Count Up or Count Down? Which Will Help You Get More Done?
If you were to suddenly find yourself back in 4th grade Phys Ed class, and the teacher told you to do 10 jumping jacks, would they count your repetitions up to 10 (1, 2, 3…), or would they count down from 10 reps (10, 9, 8…)?
Fast forward to you today. You don’t have to do 10 jumping jacks right now (a gigantic sigh of relief), but I want you to think about them. How would you count the reps?
Up from 1 or down from 10?
Up or down? Isn’t it sort of the same thing?
Researchers have found that the choice of counting up or down depends on the goal of your task and what kind of experience you want to have. Do you want to feel motivated to accomplish your task (in this case, the 10 jumping jacks) or feel like you’re getting the jumping jacks done more quickly?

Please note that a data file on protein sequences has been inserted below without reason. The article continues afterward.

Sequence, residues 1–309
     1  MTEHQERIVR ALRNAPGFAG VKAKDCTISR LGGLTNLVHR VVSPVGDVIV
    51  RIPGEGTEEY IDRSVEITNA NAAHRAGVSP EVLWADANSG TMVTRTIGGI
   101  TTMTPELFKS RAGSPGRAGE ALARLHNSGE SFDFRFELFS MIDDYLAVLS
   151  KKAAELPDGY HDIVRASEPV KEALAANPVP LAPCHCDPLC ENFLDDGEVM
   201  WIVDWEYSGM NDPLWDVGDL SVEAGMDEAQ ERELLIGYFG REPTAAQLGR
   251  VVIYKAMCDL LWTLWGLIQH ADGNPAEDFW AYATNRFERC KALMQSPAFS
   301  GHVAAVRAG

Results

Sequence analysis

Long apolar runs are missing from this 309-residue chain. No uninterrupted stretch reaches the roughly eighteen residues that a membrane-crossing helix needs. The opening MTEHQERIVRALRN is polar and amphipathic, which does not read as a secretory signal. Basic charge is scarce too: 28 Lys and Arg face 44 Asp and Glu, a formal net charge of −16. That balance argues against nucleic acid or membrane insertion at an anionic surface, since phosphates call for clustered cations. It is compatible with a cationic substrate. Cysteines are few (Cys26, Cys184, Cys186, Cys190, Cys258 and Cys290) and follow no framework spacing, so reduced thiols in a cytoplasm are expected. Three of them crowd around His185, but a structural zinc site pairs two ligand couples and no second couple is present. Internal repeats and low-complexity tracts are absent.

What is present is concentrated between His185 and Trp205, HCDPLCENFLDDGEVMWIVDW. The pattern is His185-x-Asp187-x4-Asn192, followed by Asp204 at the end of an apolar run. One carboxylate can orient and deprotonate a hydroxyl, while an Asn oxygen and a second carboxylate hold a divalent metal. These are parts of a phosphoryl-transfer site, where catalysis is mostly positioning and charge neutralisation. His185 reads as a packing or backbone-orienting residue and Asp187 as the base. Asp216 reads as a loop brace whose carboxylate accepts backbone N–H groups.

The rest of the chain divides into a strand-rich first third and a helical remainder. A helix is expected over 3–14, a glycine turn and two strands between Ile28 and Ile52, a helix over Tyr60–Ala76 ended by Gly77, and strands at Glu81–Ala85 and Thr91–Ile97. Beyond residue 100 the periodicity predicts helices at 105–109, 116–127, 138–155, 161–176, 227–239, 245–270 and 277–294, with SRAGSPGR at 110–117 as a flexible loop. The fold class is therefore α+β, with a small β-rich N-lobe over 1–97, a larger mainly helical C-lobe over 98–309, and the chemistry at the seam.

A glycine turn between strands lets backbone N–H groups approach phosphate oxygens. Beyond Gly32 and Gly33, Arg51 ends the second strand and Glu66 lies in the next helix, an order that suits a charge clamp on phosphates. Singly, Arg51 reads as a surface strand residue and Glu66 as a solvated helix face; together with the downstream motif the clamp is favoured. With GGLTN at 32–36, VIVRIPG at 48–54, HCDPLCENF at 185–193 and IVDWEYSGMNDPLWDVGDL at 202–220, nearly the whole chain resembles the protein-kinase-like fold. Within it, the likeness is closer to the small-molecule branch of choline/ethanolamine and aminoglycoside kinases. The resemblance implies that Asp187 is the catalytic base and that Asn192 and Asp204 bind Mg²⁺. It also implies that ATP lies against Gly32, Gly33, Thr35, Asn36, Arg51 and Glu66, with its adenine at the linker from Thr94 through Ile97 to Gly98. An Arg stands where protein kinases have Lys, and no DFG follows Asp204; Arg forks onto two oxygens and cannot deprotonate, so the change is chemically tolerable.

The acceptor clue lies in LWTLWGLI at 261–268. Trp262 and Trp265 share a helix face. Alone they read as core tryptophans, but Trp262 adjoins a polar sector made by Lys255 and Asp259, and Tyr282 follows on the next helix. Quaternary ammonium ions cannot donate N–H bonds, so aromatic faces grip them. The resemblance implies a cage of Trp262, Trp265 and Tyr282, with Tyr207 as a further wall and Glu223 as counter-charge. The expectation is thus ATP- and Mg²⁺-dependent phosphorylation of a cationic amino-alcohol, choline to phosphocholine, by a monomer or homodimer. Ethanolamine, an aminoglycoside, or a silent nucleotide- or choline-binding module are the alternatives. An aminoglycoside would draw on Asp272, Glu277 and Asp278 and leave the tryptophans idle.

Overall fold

The answer is not always the same because how you count is, more often than not, context related.
Does it motivate you to see the reps (of any kind, for anything you need to count) accumulate or go away?
Counting down might feel better when time is involved or you want something to be completed, such as 30 seconds of pushups or 15 minutes left of a mind-numbingly boring meeting. But counting up when completing something repetitious, answering 10 questions, doing 8 squats, or painting 13 fence posts could make you feel more motivated.
How you count is a personal thing.
While one counting method will feel more comfortable for you, don’t completely dismiss the other one. Sometimes it will be best to count up; other times, counting down will be the winning plan.
For example, when I’m swinging a kettlebell (one of my favorite workouts) I start with my desired number of reps, usually 20, and count backward to zero. I’m more motivated (and relieved) knowing I have fewer and fewer reps to complete before I get to rest.
Counting up to 20 tends to feel like I’m working harder even though I’m doing the same amount of work.